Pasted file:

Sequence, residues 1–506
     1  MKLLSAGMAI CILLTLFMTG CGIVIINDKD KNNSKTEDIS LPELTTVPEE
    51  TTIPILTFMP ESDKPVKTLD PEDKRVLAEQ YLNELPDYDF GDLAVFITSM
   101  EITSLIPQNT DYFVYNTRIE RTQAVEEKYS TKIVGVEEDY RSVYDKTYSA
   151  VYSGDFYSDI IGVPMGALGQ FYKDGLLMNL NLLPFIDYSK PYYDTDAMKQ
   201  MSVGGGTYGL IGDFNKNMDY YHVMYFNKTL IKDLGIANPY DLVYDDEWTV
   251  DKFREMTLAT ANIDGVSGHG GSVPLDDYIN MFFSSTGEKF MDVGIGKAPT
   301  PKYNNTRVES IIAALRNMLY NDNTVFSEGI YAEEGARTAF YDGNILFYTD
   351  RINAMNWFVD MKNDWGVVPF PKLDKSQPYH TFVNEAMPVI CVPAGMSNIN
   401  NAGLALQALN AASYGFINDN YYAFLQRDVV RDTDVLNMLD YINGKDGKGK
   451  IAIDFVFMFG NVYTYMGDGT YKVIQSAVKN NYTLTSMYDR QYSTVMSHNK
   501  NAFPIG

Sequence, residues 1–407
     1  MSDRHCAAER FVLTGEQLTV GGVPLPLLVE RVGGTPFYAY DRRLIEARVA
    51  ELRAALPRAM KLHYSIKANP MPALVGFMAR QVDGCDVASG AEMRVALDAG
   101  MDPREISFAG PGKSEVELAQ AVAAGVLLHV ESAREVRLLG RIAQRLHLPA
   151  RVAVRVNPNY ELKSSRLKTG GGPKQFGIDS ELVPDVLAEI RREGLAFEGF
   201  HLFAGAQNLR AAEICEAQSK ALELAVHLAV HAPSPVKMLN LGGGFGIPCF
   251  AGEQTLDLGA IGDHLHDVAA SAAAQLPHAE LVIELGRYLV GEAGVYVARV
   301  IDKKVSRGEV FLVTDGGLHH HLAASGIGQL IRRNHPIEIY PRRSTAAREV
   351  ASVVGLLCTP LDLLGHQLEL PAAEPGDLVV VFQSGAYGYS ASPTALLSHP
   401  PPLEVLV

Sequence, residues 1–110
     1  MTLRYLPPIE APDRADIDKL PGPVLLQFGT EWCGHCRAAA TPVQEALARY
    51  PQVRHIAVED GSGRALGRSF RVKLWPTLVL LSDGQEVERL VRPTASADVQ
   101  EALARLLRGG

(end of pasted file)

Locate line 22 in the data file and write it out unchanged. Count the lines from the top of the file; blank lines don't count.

   401  PPLEVLV